Effingham Lawrence
Member of the
U.S. House of Representatives
from Louisiana's 1st district
In office
March 3, 1875 – March 3, 1875
Preceded byJ. Hale Sypher
Succeeded byRandall L. Gibson
Member of the
Louisiana House of Representatives
from the 1st district
In office
Personal details
Born(1820-03-02)March 2, 1820
Bayside, Queens, New York, U.S.
DiedDecember 9, 1878(1878-12-09) (aged 58)
Plaquemines Parish, Louisiana, U.S.
Political partyDemocratic
Spouse(s)Mary Ann George

Effingham Lawrence (March 2, 1820 – December 9, 1878) was an American politician known for serving for the shortest term in congressional history, serving for just one day in the U.S. House of Representatives.


Lawrence was born in Bayside, Queens, New York, in 1820. He was a descendant of John Lawrence and John Bowne, both Quakers and pioneer English settlers of Queens, NY.

Lawrence moved to Louisiana in 1843 and engaged in the planting and refining of sugar. He served in the Louisiana State House of Representatives for some time and then successfully contested the re-election of Jacob Hale Sypher. Lawrence then served for one day in Congress but was not reelected. He died at Magnolia Plantation, Plaquemines Parish, Louisiana in 1878.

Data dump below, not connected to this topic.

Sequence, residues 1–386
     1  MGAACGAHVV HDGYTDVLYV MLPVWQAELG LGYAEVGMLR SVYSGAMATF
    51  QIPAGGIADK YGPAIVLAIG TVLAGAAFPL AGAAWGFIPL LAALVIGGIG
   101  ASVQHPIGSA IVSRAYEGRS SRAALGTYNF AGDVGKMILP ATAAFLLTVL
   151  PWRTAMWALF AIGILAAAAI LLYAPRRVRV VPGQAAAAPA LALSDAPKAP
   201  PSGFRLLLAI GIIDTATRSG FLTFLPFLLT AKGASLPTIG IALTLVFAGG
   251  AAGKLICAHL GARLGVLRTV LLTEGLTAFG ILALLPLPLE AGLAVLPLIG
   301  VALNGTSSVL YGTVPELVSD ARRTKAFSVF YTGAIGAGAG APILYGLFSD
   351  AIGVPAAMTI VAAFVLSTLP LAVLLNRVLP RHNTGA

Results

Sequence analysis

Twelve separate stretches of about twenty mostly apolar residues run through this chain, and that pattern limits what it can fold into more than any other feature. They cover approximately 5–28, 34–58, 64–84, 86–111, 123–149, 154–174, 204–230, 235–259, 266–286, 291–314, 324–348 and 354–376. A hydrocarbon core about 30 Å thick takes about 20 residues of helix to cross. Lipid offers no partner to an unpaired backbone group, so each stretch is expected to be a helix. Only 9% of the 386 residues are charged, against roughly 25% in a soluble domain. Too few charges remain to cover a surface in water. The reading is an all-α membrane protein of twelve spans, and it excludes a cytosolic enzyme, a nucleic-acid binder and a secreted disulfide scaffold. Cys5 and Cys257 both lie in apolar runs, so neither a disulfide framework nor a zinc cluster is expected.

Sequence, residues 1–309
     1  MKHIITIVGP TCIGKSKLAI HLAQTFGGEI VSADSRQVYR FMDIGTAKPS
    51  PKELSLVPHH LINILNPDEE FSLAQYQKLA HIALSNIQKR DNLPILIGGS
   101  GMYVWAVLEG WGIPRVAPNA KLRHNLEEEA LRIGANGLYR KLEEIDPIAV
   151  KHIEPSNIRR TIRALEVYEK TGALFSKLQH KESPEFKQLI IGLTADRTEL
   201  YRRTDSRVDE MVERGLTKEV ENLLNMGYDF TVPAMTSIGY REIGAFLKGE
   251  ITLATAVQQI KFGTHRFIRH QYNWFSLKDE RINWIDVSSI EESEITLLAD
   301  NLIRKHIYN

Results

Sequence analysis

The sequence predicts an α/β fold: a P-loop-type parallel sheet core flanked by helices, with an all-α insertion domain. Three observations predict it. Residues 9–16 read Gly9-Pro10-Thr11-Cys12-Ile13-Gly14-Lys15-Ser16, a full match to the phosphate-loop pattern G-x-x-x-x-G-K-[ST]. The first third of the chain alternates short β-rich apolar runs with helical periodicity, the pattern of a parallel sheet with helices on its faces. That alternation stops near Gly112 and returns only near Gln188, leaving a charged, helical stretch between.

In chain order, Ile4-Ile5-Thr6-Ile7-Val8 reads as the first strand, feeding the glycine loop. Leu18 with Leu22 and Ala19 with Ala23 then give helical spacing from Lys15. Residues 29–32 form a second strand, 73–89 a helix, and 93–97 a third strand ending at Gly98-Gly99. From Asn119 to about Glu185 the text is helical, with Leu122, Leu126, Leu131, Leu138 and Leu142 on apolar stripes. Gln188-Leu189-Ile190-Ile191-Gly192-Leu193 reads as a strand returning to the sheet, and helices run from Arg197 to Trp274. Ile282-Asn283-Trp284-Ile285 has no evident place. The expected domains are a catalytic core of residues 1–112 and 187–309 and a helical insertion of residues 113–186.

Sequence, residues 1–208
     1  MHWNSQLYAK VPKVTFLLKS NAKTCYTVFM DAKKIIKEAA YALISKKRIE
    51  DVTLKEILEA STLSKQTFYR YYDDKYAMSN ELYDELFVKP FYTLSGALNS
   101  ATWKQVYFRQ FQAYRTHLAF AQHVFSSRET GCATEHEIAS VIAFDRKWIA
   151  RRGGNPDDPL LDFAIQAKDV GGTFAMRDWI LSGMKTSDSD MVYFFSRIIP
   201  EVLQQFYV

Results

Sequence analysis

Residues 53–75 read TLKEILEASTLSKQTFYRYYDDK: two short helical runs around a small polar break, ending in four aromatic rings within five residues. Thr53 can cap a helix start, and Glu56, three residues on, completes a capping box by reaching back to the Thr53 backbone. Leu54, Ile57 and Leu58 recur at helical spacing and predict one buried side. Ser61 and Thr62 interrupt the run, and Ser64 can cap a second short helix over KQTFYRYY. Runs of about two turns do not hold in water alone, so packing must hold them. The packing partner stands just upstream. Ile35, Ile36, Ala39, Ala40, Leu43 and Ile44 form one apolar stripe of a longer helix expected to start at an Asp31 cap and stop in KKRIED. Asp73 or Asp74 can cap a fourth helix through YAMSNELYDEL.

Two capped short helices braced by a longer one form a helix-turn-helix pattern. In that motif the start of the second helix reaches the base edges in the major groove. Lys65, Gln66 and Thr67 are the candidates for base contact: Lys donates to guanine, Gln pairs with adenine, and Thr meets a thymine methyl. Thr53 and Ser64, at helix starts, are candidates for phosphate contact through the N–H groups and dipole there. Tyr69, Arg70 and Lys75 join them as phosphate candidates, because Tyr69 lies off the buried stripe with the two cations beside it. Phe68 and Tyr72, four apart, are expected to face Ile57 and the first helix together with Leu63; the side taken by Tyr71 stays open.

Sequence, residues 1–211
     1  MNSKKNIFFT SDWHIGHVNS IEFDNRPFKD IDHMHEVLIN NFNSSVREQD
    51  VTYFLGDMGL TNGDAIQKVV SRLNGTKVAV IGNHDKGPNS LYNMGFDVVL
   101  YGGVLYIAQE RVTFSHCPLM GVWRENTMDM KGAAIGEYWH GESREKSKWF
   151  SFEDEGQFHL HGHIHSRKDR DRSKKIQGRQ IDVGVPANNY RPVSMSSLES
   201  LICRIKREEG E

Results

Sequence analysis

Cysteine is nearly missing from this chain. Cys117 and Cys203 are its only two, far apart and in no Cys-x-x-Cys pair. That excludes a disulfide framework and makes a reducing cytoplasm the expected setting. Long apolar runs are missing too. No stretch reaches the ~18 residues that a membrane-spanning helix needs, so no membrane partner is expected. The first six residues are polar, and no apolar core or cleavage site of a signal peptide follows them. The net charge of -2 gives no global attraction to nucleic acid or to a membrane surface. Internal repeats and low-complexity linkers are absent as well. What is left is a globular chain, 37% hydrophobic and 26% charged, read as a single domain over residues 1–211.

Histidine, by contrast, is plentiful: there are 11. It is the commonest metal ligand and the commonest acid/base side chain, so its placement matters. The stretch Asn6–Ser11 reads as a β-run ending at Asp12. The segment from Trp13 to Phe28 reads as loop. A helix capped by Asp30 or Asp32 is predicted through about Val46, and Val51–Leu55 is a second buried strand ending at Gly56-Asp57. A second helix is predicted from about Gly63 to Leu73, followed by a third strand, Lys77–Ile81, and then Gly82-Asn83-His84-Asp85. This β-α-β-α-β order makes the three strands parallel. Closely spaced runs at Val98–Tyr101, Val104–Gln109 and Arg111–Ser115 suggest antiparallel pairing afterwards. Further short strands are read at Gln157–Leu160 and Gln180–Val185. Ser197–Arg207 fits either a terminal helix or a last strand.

Contested election

The voting in the 1872 election was characterized by a number of irregularities, with Sypher initially being declared the winner and returned to Congress while Lawrence appealed the election results. Lawrence's belated replacement of Sypher, after courts intervened to nullify the original results and instead deliver the seat to Lawrence, marked the first time since the Civil War that a Democrat had defeated a Republican for a seat in Congress from Louisiana.

The 1874 voting in which Lawrence failed "re-election" to the seat had already been held before he was seated for the term to which he had, by the later court order, been elected in 1872. Thus, under the congressional calendar in effect at the time, Lawrence was able to serve for one day of the 1873–1875 term to which he had, in the end, been elected. On the following day—March 4, 1875—he was succeeded by Randall Lee Gibson, a Democrat who had defeated him during the preceding autumn.

See also